Special from #SHRM2018: the HR Challenges of Competitive Abundance, Differentiation Decay
We’re in an age of “competitive abundance,” says Rusty Lindquist, Vice President of Strategic HR Insights at BambooHR, exacerbated by “differentiation decay.” Lindquist offered his thoughts at SHRM’s Annual Conference and Exposition, held recently in Chicago.
Once your organization finds a meaningful differentiation from your competitors, your advantage soon suffers from “differentiation decay.” At the beginning, companies succeed based on the perception that their differentiation is “remarkable,” Lindquist says, but over time the perceived value decreases to “expected.”
And it’s harder and harder to delay the decay, says Lindquist. Think of the changes impacting competition:
- Globalization has shrunk the world
- Technology has leveled the playing field
- Low entry barrier has increased startups
- Ease of replication shortens product life cycle.
Love the Solution, Not the Problem
Because the decay can happen so quickly, Lindquist says, “Don’t fall in love with a solution—fall in love with a problem.” This is easy to remember, he says, by thinking about the oft-quoted statement of Ted Levitt, Harvard Business School marketing professor:
HR’s ‘Crisis of Credibility’
In Conference Board surveys, the top CEO “Critical Issue” the last three years in a row has been “human capital.” And HR owns it. Unfortunately, Lindquist says, HR is facing a “crisis of credibility.” He cites Harvard Business Review headlines:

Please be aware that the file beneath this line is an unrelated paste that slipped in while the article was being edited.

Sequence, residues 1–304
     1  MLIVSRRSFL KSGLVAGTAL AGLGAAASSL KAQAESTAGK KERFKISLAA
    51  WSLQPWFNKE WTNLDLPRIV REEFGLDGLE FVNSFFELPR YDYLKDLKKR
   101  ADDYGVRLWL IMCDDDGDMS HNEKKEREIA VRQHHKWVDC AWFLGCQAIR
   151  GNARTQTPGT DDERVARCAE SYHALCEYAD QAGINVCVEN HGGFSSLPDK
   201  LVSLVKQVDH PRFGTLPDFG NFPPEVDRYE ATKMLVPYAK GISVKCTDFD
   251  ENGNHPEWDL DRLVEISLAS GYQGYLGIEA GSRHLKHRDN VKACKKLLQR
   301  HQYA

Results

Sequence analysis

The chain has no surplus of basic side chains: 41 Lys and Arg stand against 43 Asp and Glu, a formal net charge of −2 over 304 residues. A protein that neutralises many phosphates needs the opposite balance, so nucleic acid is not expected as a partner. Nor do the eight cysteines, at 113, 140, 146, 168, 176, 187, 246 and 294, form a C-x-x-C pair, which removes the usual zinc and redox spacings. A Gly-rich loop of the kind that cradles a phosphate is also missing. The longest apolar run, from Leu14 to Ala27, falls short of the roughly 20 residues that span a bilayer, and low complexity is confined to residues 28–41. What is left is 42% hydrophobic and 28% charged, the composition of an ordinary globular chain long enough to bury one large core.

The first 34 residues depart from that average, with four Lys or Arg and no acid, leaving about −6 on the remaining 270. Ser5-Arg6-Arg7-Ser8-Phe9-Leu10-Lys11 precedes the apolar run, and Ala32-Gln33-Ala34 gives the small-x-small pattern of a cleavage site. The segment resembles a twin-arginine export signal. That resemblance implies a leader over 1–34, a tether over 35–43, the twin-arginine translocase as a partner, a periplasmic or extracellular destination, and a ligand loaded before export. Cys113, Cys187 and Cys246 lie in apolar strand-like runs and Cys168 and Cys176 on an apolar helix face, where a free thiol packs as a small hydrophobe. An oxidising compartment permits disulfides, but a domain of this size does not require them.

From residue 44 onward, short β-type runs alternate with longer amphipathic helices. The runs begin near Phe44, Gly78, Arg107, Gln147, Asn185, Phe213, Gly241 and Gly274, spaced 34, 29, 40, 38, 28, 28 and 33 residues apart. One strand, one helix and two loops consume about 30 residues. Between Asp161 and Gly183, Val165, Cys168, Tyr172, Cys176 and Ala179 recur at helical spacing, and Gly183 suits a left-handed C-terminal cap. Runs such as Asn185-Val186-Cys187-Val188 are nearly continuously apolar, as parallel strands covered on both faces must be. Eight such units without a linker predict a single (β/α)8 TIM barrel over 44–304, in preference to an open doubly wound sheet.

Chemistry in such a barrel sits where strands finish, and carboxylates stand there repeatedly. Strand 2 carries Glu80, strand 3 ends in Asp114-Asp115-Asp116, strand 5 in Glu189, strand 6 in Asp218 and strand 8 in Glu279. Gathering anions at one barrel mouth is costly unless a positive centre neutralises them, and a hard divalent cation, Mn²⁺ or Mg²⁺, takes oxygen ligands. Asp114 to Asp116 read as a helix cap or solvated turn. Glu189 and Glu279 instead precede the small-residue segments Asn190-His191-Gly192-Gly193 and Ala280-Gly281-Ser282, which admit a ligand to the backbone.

- It’s time to blow up HR and build something new
- Rethinking HR
- Why we love to hate HR
- What will it take to fix HR
- It’s time to split HR
- HR faces a crisis of credibility in the boardroom
- HR is our “favorite corporate punching bag”
More About Who You Are
Fight the crisis by making HR less about what you do and more about who you are, Lindquist says. Focus on people and culture:
- People—Relentlessly attracting, inspiring, and empowering great people.
- Culture—Creating a great place to work, so great work can take place.
That focus allows you to generate organizational velocity—the ability to create value at speed. Organizations that focus on people and culture to create value at speed are the organizations that will win, says Lindquist.
Another reason to focus on your people? Your customer experience will never be any better than your employee experience, Lindquist says.
HR Hierarchy of Business Value
HR spends less than 15% of its time on the high value outcomes, and spends most of its time dealing with the implementation and administration of HR policies and practices, says Lindquist, quoting Edward E. Lawyer III, writing in Forbes.
But when HR is involved, organizations function better, and are much more successful.
HR needs to be less optimized around processes, policies, and procedures, and more around people, productivity, and performance, Lindquist says. Here is his hierarchy:
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